Mode of action uncovered for the specific reduction of methane emissions from ruminants by the small molecule 3-nitrooxypropanol

May 03, 2016

Scientist at DSM Nutritional Products, Basel, Switzerland, and  at  the Max Planck Institute for Terrestrial Microbiology in Marburg, Germany,  have unraveled the mechanism of how the small molecule 3-nitrooxypropanol (3-NOP) inhibits methanogenesis in ruminants.

Within the last 200 years the concentration of the atmospheric greenhouse-gas methane has tripled and domesticated ruminants have contributed significantly to this increase. Therefore, the recent finding that 3-nitrooxypropanol (3-NOP) can persistently decrease enteric methane emission from livestock without apparent negative side effects may help mitigate anthropogenic climate change (Figure 1).

Figure 1 | Methane formation in the rumen of a dairy cow and its inhibition by 3-nitrooxypropanol (3-NOP). The H2 concentration in the rumen is near 1 µM (0.14% H2 in the gas phase).

We could now show with in silico-, in vitro- and in vivo experiments that 3-NOP specifically targets methyl-coenzyme M reductase (MCR). The nickel enzyme, which is only active when its Ni is in the +1 oxidation state, catalyzes the methane forming step in the rumen fermentation. Molecular docking revealed that 3-NOP binds into the active site of MCR with its easy to reduce nitrate group in electron-transfer distance to Ni(I). With purified MCR we found that 3-NOP, at µM concentrations, indeed inactivates MCR by oxidation of its active site nickel(I) (Figure 2B). Concomitantly, the nitrate ester was reduced to nitrite, which at µM concentrations also inactivated MCR by Ni(I) oxidation (Figure 2D). With pure cultures it is demonstrated that 3-NOP, at µM concentrations, inhibits growth of methanogenic archaea but not that of the non-methanogenic bacteria in the rumen. At the very low concentrations required to inhibit methanogenesis in vivo, 3-NOP appears to be toxic only to methanogens and thus to be the ideal inhibitor of ruminant-methanogenesis.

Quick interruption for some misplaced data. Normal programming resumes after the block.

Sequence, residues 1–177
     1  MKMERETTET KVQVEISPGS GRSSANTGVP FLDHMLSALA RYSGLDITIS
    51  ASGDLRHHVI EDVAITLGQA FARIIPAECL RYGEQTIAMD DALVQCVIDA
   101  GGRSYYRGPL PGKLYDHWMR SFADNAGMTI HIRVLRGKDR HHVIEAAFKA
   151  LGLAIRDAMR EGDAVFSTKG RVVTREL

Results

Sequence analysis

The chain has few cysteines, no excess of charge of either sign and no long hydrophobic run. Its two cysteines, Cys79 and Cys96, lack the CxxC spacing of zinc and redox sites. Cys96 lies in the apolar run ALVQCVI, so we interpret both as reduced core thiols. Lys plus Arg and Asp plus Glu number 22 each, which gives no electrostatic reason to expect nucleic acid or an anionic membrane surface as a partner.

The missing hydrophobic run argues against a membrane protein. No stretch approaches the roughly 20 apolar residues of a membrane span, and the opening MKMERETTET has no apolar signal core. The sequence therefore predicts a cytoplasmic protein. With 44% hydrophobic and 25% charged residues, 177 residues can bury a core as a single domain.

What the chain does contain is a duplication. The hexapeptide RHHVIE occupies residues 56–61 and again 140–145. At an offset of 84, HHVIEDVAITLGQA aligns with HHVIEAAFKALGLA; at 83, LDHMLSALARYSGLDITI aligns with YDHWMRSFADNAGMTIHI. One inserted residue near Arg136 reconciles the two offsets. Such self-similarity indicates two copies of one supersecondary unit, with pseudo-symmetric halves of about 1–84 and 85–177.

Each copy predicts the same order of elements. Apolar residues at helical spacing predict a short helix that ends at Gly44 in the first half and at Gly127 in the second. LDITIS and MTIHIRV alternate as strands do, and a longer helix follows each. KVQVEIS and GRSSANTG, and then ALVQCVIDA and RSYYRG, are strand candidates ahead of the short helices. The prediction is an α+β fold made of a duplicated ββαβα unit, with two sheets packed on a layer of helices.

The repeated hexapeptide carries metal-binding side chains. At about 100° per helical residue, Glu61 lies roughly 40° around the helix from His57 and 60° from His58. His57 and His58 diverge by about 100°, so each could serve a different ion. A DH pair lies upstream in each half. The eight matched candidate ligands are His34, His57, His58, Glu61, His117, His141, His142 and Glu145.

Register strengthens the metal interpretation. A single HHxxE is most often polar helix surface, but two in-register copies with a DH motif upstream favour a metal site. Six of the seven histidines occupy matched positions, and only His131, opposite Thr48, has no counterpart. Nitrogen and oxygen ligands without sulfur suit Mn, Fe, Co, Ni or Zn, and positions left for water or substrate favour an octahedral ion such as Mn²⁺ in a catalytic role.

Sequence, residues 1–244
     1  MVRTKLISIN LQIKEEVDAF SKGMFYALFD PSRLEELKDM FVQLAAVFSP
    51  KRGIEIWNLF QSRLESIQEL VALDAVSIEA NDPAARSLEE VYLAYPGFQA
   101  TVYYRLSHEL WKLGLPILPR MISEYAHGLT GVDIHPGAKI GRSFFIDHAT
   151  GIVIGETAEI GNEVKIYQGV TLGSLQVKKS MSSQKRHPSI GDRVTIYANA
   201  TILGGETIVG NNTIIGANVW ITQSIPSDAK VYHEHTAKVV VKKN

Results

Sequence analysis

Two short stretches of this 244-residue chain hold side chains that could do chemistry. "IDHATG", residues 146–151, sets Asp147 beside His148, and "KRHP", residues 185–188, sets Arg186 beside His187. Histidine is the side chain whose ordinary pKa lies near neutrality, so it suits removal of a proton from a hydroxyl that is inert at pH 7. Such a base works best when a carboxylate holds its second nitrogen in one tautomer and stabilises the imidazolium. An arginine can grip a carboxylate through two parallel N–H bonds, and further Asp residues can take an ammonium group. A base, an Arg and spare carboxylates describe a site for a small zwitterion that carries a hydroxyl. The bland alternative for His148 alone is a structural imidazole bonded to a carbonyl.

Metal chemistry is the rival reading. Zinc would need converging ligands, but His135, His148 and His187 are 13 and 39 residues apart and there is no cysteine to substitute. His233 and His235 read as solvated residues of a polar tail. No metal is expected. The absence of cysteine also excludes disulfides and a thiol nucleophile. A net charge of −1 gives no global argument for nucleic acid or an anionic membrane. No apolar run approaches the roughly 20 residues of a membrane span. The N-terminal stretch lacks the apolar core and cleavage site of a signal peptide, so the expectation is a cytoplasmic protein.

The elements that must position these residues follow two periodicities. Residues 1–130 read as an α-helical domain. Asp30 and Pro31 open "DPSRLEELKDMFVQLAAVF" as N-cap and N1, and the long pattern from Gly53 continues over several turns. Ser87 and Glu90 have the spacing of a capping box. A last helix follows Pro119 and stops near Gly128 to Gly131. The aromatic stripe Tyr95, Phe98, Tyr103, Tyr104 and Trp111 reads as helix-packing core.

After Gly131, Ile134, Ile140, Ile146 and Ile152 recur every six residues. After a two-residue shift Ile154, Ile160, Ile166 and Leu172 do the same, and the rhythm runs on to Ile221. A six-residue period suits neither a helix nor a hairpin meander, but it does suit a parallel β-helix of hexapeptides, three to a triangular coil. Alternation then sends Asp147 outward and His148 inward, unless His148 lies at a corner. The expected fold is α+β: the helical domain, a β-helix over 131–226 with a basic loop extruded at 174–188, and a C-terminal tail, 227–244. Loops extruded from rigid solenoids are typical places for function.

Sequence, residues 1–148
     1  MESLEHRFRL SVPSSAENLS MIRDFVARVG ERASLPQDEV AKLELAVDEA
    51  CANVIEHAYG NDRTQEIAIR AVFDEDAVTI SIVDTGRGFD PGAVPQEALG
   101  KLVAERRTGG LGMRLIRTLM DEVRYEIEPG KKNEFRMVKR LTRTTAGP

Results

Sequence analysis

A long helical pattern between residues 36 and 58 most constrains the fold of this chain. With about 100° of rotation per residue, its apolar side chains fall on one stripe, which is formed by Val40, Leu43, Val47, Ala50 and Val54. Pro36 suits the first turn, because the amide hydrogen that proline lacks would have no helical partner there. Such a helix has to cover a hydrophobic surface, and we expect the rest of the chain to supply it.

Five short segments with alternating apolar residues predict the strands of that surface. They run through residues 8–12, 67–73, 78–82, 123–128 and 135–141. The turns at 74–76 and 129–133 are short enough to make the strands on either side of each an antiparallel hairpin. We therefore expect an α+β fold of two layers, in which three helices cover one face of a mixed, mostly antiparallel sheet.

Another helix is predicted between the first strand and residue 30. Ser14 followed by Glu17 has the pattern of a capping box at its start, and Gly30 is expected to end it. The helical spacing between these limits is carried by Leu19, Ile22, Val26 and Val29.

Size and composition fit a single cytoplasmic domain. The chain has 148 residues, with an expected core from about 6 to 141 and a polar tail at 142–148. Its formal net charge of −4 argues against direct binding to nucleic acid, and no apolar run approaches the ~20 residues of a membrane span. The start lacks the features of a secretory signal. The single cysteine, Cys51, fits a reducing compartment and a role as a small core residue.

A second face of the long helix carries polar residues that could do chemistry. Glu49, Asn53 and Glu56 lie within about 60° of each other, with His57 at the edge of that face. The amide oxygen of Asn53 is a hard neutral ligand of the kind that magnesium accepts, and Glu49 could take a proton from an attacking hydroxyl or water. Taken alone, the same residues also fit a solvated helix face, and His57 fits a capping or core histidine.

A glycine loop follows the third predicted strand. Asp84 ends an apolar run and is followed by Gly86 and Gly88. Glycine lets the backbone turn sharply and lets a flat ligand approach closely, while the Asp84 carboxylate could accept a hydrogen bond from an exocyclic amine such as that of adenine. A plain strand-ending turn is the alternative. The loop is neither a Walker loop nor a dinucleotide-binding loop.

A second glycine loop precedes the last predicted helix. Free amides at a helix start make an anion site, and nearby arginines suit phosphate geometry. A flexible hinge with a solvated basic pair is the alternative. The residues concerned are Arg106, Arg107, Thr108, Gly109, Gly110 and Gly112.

Figure 2 | Experiments with purified methyl-coenzyme M reductase (MCR) from M. marburgensis. (A) Effect of 3-NOP on the MCR activity; (B) Effect of 3-NOP on the EPR signals MCRred1 (78µM) and MCRox1 (4 µM). The spectrum (inset) remaining after complete MCR inactivation  is that of MCRox1. (C) Formation of nitrite and nitrate upon inactivation of MCR with 3-NOP. (D) Effect of nitrite and nitrate on the EPR signal MCRred1.

Reference

Evert. C. Duin, Tristan Wagner, Seigo Shima, Divya Prakash, Bryan Cronin,  David R. Yáñez-Ruiz, Stephane Duval, Robert Rümbeli, René T. Stemmler, Rudolf K. Thauer, Maik Kindermann (2016) Proc. Natl. Acad. Sci. USA. Early Edition. www.pnas.org/cgi/doi/10.1073/pnas.1600298113

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